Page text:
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Three Down


1. Case Keenum


In Week 11, Keenum was benched even though he was playing well. Sunday? Well you can probably see where this is going. Keenum was awful, making terrible throws to wide-open receivers, wilting in the face of pressure and failing time and again on third down. It didn’t help that Keenum’s “pass blocking” was there in name only, or that his receivers made two appallingly bad plays on the Texans’ desperation final drive, but this was not a quarterback who deserved to stay in the game. But he did, and now the Texans have to decide who will be under center in Week 13. Turning back to failed veteran Matt Schaub would make little sense in a lost season, but if the Texans want their “best chance to win” by the letter of the law, Schaub will be their man against the Patriots.   


2. Ray Rice


This is your running game on the Bears defense. This is your running game on everything else. Unfortunately — and we say unfortunately because Rice’s struggles aren’t fun for anyone who loves fantasy football and the real-life players who have made it so much fun over the years — Rice’s Week 11 blowup was the matchup-based apparition we feared. His yards per carry is back under 3.0 (2.88), and his fantasy prospects back in the toilet. If Rice is the fourth or fifth man on your running back totem pole as you scramble for a playoff spot, it might not be the worst idea to cut him loose. It would feel Wrong with a Capital W, but anyone who’s seen Rice run this season knows it would be unlikely to haunt.     


3. Trent Richardson


Always new depths. Richardson rushed seven times for 15 yards Sunday. That leaves him with 44 carries for … wait for it … 96 yards over his past five games. That comes out to 2.18 yards per pop. T-Rich hasn’t had a single rush go for longer than eight yards since Week 7. Sunday, St. Louis’ Benny Cunningham had five totes go for at least 10 yards. If you’re in a playoff-push roster crunch but are still worried about dropping your first-round pick, don’t be. It’s time to let go.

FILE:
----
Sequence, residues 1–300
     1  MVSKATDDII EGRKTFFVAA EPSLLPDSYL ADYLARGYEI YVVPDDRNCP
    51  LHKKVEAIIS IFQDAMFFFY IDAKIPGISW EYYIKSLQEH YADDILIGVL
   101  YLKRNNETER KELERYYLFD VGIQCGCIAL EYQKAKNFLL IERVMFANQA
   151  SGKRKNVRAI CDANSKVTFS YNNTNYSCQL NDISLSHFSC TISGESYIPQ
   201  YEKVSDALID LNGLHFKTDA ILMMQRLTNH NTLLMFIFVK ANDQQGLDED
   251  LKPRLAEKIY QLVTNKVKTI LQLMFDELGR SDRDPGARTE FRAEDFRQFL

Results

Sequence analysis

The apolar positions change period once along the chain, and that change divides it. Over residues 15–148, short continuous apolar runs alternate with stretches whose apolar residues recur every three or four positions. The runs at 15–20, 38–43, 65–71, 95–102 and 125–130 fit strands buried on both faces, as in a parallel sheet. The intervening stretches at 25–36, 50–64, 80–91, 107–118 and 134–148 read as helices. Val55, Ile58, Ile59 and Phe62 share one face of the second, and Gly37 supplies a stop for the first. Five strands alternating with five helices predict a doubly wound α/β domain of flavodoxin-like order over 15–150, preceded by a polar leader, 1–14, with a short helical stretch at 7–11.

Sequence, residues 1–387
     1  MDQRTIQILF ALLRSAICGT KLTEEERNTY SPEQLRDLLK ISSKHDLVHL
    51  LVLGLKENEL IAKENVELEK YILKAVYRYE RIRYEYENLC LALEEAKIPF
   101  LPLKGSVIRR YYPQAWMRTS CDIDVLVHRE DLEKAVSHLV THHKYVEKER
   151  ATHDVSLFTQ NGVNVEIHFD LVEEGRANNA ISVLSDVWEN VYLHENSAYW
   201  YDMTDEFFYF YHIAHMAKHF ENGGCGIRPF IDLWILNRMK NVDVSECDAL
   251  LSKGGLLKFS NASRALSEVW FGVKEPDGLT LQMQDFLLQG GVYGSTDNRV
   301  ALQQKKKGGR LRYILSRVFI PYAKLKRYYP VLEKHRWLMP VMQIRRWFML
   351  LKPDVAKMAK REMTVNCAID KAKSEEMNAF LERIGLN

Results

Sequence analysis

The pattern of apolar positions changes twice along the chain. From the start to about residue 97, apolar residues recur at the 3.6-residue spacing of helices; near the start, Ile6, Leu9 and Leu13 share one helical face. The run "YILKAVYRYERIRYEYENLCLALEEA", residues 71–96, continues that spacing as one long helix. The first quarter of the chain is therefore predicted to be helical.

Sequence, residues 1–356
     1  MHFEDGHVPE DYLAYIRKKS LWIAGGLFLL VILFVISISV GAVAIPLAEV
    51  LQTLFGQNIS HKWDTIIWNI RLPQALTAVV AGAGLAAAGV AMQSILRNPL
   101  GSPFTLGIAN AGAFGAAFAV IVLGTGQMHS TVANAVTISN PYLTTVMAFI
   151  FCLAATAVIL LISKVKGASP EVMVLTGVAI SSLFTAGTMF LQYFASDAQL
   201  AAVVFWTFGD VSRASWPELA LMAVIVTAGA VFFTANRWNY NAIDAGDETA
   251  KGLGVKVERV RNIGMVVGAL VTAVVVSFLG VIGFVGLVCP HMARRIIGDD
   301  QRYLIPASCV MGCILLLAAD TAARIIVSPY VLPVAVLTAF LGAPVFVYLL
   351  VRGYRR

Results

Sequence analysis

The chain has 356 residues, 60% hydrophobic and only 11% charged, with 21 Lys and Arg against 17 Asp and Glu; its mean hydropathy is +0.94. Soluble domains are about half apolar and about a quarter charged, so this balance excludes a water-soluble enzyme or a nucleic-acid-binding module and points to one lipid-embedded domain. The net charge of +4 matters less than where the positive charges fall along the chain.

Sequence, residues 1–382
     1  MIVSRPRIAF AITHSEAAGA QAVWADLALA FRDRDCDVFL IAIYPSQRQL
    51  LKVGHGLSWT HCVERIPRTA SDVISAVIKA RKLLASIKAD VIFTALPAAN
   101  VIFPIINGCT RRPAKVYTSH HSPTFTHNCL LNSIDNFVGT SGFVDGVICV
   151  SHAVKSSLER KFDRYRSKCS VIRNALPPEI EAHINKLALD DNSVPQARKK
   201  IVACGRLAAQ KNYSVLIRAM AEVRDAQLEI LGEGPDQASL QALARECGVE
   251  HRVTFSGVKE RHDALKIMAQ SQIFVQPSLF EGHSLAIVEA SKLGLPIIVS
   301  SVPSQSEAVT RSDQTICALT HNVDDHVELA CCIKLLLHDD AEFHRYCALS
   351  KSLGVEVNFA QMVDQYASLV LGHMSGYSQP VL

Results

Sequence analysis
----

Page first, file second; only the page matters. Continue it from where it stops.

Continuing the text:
Questions


1. Does Aaron Rodgers’ left collarbone have a medical miracle in it?


2. Does Chuck Pagano and his staff know that coaching involves more than just writing some clichés on a whiteboard?  


3. Miami, would it be helpful if we came in and broke down stuff like “who your good players are” for you?


Stats of the Week


Michael Bush had five carries from the Rams’ one-yard line. He scored one touchdown.


Louis Murphy caught his first touchdown of the season Sunday. In other news, Louis Murphy now has more touchdowns than Hakeem Nicks.


The Dolphins haven’t scored a fourth-quarter touchdown in six games. This is not a joke.


Per Adam Caplan, Calvin Johnson’s 861 yards receiving over his past five games are the most in a five-game span in NFL history.


Only Johnson is averaging more yards per game (119.8) than Josh Gordon (109.8). No one else is averaging more than 94.9.


The man averaging 94.9? Antonio Brown, who’s slipped ahead of the likes of A.J. Green and Demaryius Thomas. Think the Steelers made the right decision at receiver?


Dwayne Bowe has fewer yards than Eddie Royal, not to mention fewer touchdowns.


This exercise is never fair, but … that being said, if you remove Ray Rice’s Week 11 showing against the Bears, he’s rushed 131 times for 319 yards. That’s 2.43 yards per carry.  


Three Browns quarterbacks have thrown for more touchdowns than Chad Henne. Henne has attempted more passes than any of them.  


Peyton Manning is no longer on pace to break Drew Brees’ single-season passing record, though he does remain on pace to break the touchdown record.


Awards Section


Week 12 Fantasy All Pro Team: QB Philip Rivers, RB Knowshon Moreno, RB Jamaal Charles, WR Josh Gordon, WR Julian Edelman, WR Brandon Marshall, TE Rob Gronkowski, TE Jimmy Graham


The Junior Stevan Ridley Award: Part of a Broncos fumble for the second consecutive week (Week 11’s was dubiously credited to Peyton Manning), Montee Ball’s tenure as the Broncos’ No. 2 running back is in danger. He could be saved by Knowshon Moreno’s ankle injury, however.


Tweet Of The Week: From ESPN’s Tania Ganguli: Tate is asked if anyone understands why this is happening. "Maybe God?" he says. #Texans


Tweet Of The Week II: From Sir Adam Levitan: Jamaal Charles just catfished Manti Te'o in the hole. Sick 46-yard run.


Most Absurd Moment Of Week 12: How do you not go with the Scott Tolzien spin move?


Least Valuable Player, Non-Henne Division: Geno Smith is a second-round pick who’s playing like a seventh-round pick. If he keeps up at this rate, he’s going to end up making seven starts for the 2010 Arizona Cardinals.  


Think of all the Black Friday deals the Vikings could have taken advantage of if only they hadn’t given Josh Freeman $2 million.